Sarah Hague, a seasoned blogueuse herself, has been one of my most loyal supporters from the launch of my blog at Another Place. I had no hesitation in inviting her to contribute to Salut! Forum
Bare Feet or Puppets?
Did you know that Americans were among the first collectors who were instrumental in developing the popularity of the Impressionists? I didn't, but I found exactly that out in the latest exhibition at the Musée Fabre in Montpellier: L'Impressionnisme, de France et d'Amerique.
The museum has recently been renovated, and very clean and welcoming it looks too, although a little sombre with its black shiny floors. Still, it's an art gallery so we have to take things seriously!
It was Wednesday evening, and packed, but once I actually managed to see what was on show, I was enthralled by the quality and quantity of the paintings brought together by the FRAME organisation (French Regional & American Exchange).
Information, in French, was painted onto the khaki walls and I learned that early wealthy American merchants bought Impressionist paintings because so many of the older paintings were being copied.
They turned to investing in contemporary ones as a safer bet. They also found the subjects chosen easier to cope with as paintings portrayed everyday scenes rather than obtuse allegories.
The exhibition was laid out coherently and had paintings by all the great names – Monet, Manet, Renoir, Degas, etc. - including Mary Cassett.
One thing that intrigued me was a sketch by her called L'enfant aux pieds nus of a mother holding a baby.
Down at the bottom of the sketch the artist had written Les Marionnettes and indeed, the child was obviously holding up her hands to make the marionnettes dance. It's a French song where the mother sings this song........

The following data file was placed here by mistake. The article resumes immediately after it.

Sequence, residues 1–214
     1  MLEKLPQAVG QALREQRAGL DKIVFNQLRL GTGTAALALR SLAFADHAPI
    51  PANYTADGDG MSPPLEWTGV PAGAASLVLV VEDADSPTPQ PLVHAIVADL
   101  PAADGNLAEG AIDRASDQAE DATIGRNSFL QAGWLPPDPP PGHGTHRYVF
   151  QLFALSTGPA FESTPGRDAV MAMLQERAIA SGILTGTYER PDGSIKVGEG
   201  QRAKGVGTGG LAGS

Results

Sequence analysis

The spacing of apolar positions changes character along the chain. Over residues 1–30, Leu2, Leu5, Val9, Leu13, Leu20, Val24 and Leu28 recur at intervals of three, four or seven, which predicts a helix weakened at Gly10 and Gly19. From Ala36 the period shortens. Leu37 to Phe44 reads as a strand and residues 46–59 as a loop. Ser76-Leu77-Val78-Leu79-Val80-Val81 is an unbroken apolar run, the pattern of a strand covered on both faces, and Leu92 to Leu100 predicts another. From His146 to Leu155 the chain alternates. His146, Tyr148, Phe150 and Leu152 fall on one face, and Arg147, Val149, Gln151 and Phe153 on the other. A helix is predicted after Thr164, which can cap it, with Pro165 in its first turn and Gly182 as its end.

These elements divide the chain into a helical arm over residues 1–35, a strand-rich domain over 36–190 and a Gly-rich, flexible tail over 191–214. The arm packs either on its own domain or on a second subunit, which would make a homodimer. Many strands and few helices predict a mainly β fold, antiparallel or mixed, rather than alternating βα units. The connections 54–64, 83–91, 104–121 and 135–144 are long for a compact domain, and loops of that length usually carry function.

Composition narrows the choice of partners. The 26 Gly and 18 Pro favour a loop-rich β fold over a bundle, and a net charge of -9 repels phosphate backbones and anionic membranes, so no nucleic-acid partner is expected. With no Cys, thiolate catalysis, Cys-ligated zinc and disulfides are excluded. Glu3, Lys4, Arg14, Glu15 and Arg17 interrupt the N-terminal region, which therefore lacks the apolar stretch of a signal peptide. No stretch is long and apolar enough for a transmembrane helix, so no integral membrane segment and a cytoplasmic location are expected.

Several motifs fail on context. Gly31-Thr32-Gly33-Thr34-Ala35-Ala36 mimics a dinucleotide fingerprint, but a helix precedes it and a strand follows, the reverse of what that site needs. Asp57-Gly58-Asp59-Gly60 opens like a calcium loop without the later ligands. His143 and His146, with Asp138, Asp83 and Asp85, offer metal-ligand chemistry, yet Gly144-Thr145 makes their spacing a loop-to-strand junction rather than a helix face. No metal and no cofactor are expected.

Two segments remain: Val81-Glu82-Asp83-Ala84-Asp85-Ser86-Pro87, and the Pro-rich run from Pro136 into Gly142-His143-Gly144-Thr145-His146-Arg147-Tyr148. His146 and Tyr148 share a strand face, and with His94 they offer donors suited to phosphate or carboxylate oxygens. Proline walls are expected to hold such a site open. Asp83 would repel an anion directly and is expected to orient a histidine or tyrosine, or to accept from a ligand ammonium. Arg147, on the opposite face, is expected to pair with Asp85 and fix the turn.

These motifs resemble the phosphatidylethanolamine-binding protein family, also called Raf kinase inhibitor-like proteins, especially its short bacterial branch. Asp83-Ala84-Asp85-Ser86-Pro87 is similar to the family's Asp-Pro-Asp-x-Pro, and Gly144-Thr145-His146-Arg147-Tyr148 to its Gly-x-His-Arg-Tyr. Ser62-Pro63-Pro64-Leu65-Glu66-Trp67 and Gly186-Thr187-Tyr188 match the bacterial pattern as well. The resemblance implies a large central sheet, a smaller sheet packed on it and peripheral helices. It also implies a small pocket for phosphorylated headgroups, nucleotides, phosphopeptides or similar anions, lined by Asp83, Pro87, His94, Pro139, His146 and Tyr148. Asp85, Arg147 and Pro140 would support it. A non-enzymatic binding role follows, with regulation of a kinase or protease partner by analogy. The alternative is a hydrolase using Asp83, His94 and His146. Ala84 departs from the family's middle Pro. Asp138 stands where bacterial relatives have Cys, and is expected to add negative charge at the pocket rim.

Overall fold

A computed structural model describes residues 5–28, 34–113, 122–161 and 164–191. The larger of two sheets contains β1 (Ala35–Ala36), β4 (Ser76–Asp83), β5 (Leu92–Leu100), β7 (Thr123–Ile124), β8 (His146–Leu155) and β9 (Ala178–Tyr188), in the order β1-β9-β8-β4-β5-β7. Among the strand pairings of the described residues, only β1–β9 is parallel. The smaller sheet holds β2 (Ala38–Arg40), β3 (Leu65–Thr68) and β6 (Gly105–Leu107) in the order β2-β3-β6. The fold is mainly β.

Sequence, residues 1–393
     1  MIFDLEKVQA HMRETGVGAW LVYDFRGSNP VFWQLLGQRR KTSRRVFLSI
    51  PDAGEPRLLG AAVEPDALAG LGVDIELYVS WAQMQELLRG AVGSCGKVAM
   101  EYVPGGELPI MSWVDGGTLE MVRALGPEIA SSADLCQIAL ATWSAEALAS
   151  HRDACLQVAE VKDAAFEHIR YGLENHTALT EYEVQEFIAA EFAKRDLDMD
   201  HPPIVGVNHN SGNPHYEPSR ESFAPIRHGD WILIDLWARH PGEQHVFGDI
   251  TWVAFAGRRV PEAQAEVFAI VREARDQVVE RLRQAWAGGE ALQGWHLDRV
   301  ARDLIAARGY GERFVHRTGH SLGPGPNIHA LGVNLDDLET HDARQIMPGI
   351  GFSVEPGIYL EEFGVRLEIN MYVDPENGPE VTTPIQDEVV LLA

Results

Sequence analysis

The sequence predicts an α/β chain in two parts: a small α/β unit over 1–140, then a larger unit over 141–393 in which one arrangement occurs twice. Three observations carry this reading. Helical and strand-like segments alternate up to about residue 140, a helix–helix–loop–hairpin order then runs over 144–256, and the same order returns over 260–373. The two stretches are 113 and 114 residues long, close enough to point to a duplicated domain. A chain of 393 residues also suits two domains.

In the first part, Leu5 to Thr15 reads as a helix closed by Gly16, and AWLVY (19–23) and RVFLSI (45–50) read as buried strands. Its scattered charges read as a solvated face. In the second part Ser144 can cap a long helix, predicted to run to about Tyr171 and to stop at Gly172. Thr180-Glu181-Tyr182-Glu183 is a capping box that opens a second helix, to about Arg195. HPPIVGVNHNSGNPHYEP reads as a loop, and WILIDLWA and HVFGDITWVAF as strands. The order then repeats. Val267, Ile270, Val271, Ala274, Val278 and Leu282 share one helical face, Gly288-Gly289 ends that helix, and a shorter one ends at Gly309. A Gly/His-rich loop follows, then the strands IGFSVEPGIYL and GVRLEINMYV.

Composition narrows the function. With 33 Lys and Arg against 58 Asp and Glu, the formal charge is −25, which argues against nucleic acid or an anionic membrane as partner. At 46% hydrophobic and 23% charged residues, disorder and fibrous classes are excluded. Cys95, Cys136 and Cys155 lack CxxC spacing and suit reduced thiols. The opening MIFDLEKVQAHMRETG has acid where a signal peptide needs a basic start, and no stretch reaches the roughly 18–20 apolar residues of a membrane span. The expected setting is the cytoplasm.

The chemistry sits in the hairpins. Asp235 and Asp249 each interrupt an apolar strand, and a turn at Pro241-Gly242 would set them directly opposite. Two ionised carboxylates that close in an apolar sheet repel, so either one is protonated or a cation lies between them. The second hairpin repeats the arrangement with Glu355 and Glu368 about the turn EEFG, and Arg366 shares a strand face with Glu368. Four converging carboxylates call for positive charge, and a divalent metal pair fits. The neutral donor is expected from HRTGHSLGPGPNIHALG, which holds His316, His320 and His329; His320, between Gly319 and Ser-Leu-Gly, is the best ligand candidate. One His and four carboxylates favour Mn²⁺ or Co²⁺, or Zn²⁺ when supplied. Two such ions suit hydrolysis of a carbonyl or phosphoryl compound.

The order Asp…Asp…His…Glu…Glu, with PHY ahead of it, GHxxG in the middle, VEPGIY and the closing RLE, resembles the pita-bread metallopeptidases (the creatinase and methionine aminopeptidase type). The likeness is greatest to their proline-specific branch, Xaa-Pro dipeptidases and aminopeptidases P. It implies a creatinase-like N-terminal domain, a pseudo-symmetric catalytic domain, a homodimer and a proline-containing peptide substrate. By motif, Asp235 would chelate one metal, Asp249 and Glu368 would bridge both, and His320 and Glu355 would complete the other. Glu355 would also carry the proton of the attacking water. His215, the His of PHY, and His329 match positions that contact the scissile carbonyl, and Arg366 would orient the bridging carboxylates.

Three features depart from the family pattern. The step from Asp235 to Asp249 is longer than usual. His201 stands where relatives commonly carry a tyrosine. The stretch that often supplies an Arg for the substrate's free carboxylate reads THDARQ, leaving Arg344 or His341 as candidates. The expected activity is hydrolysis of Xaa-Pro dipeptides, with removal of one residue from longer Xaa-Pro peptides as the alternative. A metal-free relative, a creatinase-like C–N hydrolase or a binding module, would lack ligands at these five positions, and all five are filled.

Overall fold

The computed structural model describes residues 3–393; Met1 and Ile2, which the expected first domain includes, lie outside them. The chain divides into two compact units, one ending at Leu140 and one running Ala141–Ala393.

Ainsi font, font, font Les petites marionnettes, Ainsi font, font, font Trois p'tits tours et puis s'en vont.
.........while the child twists its hands from the wrist to make them dance.
Why then, was the title changed to something so nul and unevocative? When I read the original title, it brought the sketch to life as I sang the song in my head and imagined the laughing bouncing baby trying to do the movements.
What was so special about her bare feet anyway? She had blond hair too. Why not call the painting L'enfant aux cheveux blonds? Actually I think the name was changed to make it part of a collection of "bare feet" sketches. How boring is that?!
I left the exhibition irritated by the changing of a perfectly evocative title, and impressed by the collection overall. It's on until September 23. Despite that reservation, I strongly recommend it.
* Please visit Sarah Hague's excellent blog, St Bloggie de Riviere, at http://www.sarahhague.blogspot.com/